Youngsters see the danger signs as fewer try out drink and drugs

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Picture posed by models
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YOUNG people appear to be heeding warnings about the dangers of drink and drugs, as a report showed the number admitting to experimenting with them had dropped in Edinburgh.

Figures from the Scottish Schools Adolescent Lifestyle and Substance Use Survey (SALSUS) for 2010 showed what authors called a “notable decrease” in the proportion of 15-year-olds who have ever tried drugs – from 26 per cent in 2006 down to 21 per cent.

The drop seems to have been helped by parents getting tough on alcohol and a rise in the legal age for buying cigarettes, from 16 to 18.

Despite this, experts warned the study could mask the dangers of young people continuing to drink to excess.

John Arthur, national director of drugs information organisation Crew2000, said the figures reflected wider trends.

He said: “There’s a kind of downward trend nationwide, but there are also figures that state that those who are drinking are drinking more.

“I think a lot of people have got the message that drinking alcohol can harm you and even relatively small amounts, so I think people are stepping back from that and are more health conscious.

“But the combination of availability, accessibility of much stronger alcohol and the relative cheapness is meaning that some people can and do drink much more.”

The study showed the proportion of 13-year-olds who had ever tried an alcoholic drink was down from 53 per cent to 41 per cent – below the national average.

The confidential study of 13-year-olds and 15-year-olds at high schools in Edinburgh found that three per cent of 13 year-olds and 13 per cent of 15-year-olds classed themselves as regular smokers – unchanged from 2006 for the 13-year-olds, and a drop of one per cent for 15-year-olds.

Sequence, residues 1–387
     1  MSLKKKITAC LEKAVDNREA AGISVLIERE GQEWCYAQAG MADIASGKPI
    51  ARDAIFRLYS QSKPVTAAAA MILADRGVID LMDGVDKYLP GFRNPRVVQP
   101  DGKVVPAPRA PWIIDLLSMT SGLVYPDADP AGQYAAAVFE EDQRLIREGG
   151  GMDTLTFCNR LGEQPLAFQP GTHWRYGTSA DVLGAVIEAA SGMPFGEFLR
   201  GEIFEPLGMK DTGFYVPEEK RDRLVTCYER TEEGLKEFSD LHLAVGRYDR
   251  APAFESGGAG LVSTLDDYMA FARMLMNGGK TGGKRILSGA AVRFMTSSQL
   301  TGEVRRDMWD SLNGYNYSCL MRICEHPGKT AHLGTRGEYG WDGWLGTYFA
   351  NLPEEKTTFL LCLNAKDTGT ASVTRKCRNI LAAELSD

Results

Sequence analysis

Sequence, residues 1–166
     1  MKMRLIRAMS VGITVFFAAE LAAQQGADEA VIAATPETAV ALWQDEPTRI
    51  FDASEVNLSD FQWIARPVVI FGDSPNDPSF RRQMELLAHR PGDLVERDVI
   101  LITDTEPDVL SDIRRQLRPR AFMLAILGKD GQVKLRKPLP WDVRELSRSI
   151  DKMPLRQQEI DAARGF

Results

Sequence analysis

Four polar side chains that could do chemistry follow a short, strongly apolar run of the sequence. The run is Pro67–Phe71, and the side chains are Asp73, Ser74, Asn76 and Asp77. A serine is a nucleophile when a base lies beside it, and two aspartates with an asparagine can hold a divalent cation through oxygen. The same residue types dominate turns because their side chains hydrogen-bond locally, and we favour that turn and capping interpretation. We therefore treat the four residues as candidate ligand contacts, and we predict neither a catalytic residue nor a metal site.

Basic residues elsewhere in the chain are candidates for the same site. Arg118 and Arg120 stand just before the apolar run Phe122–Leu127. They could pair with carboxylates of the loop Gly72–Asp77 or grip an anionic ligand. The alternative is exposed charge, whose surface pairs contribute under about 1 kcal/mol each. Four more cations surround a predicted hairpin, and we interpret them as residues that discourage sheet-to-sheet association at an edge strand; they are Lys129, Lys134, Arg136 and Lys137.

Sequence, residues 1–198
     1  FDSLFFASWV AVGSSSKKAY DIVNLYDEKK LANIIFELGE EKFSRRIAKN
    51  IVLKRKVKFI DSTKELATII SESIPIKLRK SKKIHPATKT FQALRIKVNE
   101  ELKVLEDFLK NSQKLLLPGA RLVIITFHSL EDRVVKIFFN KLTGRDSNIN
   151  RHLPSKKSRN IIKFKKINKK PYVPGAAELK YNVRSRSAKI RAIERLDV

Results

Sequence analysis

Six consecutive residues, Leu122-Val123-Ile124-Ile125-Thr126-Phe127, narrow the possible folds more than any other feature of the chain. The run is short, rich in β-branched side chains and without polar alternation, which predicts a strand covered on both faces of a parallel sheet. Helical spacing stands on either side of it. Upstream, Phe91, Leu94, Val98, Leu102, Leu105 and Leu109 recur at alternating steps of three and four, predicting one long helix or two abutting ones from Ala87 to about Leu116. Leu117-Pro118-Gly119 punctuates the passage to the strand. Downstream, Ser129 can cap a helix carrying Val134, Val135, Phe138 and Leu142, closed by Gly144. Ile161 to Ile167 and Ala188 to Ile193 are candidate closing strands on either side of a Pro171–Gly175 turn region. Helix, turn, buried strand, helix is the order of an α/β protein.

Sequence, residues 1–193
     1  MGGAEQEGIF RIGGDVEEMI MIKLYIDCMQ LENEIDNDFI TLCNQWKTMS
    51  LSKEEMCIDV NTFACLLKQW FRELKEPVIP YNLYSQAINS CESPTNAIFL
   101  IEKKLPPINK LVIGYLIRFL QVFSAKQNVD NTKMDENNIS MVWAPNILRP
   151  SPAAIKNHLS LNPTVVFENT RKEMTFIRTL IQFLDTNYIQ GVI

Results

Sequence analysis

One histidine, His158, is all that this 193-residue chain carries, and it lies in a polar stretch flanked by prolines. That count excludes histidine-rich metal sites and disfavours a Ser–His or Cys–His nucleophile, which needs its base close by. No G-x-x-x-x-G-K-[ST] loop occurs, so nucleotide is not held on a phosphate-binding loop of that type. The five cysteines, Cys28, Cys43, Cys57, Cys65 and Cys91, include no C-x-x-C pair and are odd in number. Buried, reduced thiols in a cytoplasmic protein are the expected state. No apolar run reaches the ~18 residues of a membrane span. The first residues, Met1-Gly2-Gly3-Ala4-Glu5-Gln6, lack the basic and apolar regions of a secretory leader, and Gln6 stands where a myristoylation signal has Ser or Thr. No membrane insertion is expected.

There was also a decrease in the number of young smokers buying their cigarettes in shops – from 84 per cent in 2006 to 58 per cent in 2010, thought to be down to age restrictions rising from 16 to 18 in 2007.

At the same time there has been an increase in the proportion being given cigarettes by friends and family.

The study suggested parents were cracking down on drinking, with the number of pupils who said they were banned from drinking at home rising from 34 per cent to 43 per cent.

Boys who drank were likely to have indulged in beer, lager or cider, while girls favoured spirits, liqueurs and alcopops.

Bori Godley, 16, a pupil at St Thomas of Aquin’s school, said she saw mixed responses to the temptation of drink and drugs among teens. She said: “I think people are quite keen to experiment. I think they do want to try it out but there are people who see it as something rebellious and people who don’t see it as much of a big deal.”

Dr Alison McCallum, NHS Lothian director of public health, said: “The results of this survey are reassuring. NHS Lothian works closely with our partner organisations to ensure that children and young people understand the risks.”

A council spokeswoman added: “It is positive that this survey shows a decline in the number of 13-15 year olds trying drink and drugs.”